And he said to them, "Why are you afraid, O you of little faith?" Then he rose and rebuked the winds and the sea, and there was a great calm.

Genesis 8:1
But God remembered Noah and all the beasts and all the livestock that were with him in the ark. And God made a wind blow over the earth, and the waters subsided.

Joshua 3:15
and as soon as those bearing the ark had come as far as the Jordan, and the feet of the priests bearing the ark were dipped in the brink of the water (now the Jordan overflows all its banks throughout the time of harvest),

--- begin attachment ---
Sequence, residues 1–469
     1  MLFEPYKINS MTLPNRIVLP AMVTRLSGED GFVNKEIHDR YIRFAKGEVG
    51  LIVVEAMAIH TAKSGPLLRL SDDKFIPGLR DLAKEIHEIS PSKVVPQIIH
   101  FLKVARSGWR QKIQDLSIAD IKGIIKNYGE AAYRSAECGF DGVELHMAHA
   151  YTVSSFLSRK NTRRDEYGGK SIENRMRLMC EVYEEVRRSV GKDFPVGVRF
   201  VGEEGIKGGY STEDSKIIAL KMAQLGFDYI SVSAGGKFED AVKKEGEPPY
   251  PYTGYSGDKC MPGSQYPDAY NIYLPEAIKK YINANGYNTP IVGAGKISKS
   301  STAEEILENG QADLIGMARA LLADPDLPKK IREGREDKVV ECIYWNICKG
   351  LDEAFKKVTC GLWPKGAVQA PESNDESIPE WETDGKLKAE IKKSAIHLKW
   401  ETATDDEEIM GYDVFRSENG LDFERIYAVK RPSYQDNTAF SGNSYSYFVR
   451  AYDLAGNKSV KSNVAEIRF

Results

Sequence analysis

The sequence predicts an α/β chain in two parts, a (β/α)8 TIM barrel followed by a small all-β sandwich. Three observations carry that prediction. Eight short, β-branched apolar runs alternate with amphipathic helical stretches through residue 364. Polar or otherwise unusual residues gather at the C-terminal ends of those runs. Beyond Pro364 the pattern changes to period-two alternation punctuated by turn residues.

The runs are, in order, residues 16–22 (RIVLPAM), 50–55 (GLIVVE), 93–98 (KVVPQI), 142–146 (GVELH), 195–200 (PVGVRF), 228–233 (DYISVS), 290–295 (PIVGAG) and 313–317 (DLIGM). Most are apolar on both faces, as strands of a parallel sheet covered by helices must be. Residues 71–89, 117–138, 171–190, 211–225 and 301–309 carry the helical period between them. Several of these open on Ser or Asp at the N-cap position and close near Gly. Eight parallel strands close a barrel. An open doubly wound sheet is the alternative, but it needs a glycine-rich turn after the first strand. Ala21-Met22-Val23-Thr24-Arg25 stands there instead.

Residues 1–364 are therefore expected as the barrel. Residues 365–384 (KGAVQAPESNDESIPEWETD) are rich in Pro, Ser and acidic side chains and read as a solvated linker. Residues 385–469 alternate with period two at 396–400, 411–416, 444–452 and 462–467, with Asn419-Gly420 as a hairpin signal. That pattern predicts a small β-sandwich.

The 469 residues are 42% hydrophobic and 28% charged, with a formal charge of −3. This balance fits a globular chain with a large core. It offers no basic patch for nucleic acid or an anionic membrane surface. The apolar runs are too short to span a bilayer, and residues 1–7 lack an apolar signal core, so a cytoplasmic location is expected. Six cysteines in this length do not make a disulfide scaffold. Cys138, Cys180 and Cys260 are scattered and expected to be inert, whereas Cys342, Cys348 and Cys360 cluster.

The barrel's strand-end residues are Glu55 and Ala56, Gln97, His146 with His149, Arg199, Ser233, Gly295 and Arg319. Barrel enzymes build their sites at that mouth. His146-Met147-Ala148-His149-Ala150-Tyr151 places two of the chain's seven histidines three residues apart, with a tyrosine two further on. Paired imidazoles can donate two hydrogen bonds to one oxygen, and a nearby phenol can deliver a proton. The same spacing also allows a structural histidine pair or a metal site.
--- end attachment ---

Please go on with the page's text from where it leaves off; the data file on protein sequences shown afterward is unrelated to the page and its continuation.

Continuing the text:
Joshua 3:16
the waters coming down from above stood and rose up in a heap very far away, at Adam, the city that is beside Zarethan, and those flowing down toward the Sea of the Arabah, the Salt Sea, were completely cut off. And the people passed over opposite Jericho.

2 Samuel 22:16
Then the channels of the sea were seen; the foundations of the world were laid bare, at the rebuke of the LORD, at the blast of the breath of his nostrils.

Psalm 106:9
He rebuked the Red Sea, and it became dry, and he led them through the deep as through a desert.

Isaiah 33:9
The land mourns and languishes; Lebanon is confounded and withers away; Sharon is like a desert, and Bashan and Carmel shake off their leaves.